2§1. In the historical present of the ancient world, then, the experience of fighting in war was a ritual ordeal—like the experience of competing in an athletic event. Both kinds of ritual experience were a matter of āthlos or agōn. And to undergo such ordeal was to re-enact the primal ordeals of heroes. When it came to such re-enactment in war, I should add, there would have been a near-endless variety of individual experiences in the historical present to be matched with the individual experiences of heroes in the mythological past. Individuals would have had their own ways of going through an ordeal, and a model for such individual experiences, to give just one example, would have been the staggering varieties of heroic violence in the Iliad. [H24H 8b§6]

2§2. As we have just seen from observing the uses of the words āthlos and agōn in referring to an experience like war, there does not seem to be a distinction made between the ritual ordeals of warriors fighting wars in the historical present of the ancient world and the mythical ordeals of heroes fighting their own wars in the mythological past of the heroic age. To our way of thinking, in our own age, we might have expected something different: when men and women and children underwent the real experience of war in their historical present, their experience might be seen as distinct from the mythical experiences of heroes in the age of heroes. But our expectations would be mistaken. The ancient way of thinking was different: in terms of ritual and myth, men and women and children who experience the shock of war are undergoing a ritual ordeal that re-enacts the mythical ordeals of heroes. This way, the distinction between the ritualized ordeals of war in the present and the mythical ordeals of war in the past is neutralized. [H24H 8b§7]

2§3. Such a mentality of not distinguishing between the post-heroic age and the heroic age in the context of ritual and myth applies not only to the ordeals of war but also to the ordeals of athletics. It can be said in general that different aspects of athletics re-enact different aspects of warfare as experienced by heroes. Besides such obvious examples as the throwing of spears or javelins, however, there are other examples where it is not at all obvious how a given kind of athletic event is related to a given kind of event in warfare, even if these two kinds of events are defined by the same instrument of war. One such example is the athletic event of chariot racing. The question here is this: how exactly is chariot racing as an athletic event related to chariot fighting as an event in warfare? The answer here is not obvious until we examine at a later point, in Part III Essay 9, two different kinds of chariot racing as attested at two different athletic festivals. [H24H 8b§8]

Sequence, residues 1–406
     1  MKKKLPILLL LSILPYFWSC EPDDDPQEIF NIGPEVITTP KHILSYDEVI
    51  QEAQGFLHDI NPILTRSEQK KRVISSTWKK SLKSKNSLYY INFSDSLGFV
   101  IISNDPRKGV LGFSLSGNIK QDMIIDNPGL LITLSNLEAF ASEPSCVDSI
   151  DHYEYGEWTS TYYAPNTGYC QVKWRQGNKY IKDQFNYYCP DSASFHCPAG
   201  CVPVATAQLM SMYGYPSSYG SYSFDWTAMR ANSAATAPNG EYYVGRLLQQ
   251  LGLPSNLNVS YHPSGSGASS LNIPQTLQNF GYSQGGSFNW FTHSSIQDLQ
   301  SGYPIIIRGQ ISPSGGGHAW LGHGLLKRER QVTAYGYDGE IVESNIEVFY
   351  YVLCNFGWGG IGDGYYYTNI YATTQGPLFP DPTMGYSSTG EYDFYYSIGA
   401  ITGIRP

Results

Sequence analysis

2§4. For now, however, it is enough to keep in mind a basic fact that that we can see by simply observing the uses of words like āthlos and agōn: just as these words can refer to the ritualized ordeals of those who experience real wars in their own time, not only to the mythologized ordeals of heroes in mythical wars of the distant past, so also the ritual ordeal of an athlete who competes in a real athletic contest is not distinguished, in terms of words like āthlos and agōn, from the corresponding mythical ordeals of heroes. [H24H 8b§9]